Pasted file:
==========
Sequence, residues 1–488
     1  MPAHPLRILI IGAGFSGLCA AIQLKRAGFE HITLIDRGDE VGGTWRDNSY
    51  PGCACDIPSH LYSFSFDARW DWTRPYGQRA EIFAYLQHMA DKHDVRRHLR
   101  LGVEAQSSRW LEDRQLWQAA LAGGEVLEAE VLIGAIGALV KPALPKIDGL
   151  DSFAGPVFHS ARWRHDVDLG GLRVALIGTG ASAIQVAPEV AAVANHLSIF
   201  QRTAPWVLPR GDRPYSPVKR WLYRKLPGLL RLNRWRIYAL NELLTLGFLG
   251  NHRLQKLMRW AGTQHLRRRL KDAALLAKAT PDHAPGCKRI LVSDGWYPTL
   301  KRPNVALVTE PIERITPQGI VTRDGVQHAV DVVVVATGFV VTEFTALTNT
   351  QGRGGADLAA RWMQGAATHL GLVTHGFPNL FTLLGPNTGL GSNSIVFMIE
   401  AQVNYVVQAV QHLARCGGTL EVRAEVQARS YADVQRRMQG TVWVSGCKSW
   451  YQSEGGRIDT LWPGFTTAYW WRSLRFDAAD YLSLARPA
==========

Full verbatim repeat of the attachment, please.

Sequence, residues 1–488
     1  MPAHPLRILI IGAGFSGLCA AIQLKRAGFE HITLIDRGDE VGGTWRDNSY
    51  PGCACDIPSH LYSFSFDARW DWTRPYGQRA EIFAYLQHMA DKHDVRRHLR
   101  LGVEAQSSRW LEDRQLWQAA LAGGEVLEAE VLIGAIGALV KPALPKIDGL
   151  DSFAGPVFHS ARWRHDVDLG GLRVALIGTG ASAIQVAPEV AAVANHLSIF
   201  QRTAPWVLPR GDRPYSPVKR WLYRKLPGLL RLNRWRIYAL NELLTLGFLG
   251  NHRLQKLMRW AGTQHLRRRL KDAALLAKAT PDHAPGCKRI LVSDGWYPTL
   301  KRPNVALVTE PIERITPQGI VTRDGVQHAV DVVVVATGFV VTEFTALTNT
   351  QGRGGADLAA RWMQGAATHL GLVTHGFPNL FTLLGPNTGL GSNSIVFMIE
   401  AQVNYVVQAV QHLARCGGTL EVRAEVQARS YADVQRRMQG TVWVSGCKSW
   451  YQSEGGRIDT LWPGFTTAYW WRSLRFDAAD YLSLARPA